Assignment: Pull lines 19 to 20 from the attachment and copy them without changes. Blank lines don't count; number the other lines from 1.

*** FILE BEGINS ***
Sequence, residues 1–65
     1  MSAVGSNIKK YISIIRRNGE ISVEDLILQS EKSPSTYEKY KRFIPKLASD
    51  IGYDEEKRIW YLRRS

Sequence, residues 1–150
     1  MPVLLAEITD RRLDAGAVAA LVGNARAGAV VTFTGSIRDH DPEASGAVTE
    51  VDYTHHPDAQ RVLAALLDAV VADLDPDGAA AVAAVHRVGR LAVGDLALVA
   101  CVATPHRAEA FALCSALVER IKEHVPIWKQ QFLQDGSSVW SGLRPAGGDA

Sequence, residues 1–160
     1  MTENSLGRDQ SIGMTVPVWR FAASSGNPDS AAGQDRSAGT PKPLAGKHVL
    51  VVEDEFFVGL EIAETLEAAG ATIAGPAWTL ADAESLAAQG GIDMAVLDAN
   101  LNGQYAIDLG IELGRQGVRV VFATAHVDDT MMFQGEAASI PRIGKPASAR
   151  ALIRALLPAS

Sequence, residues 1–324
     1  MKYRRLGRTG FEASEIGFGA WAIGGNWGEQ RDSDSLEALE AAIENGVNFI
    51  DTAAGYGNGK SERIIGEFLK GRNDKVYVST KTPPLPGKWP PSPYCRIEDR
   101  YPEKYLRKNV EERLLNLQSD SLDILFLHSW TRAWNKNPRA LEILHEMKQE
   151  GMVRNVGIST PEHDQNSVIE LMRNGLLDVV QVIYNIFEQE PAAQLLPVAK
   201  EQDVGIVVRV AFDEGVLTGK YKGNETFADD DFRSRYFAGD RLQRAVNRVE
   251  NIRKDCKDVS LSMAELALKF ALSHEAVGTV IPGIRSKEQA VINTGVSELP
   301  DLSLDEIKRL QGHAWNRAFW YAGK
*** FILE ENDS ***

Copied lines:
   251  NIRKDCKDVS LSMAELALKF ALSHEAVGTV IPGIRSKEQA VINTGVSELP
   301  DLSLDEIKRL QGHAWNRAFW YAGK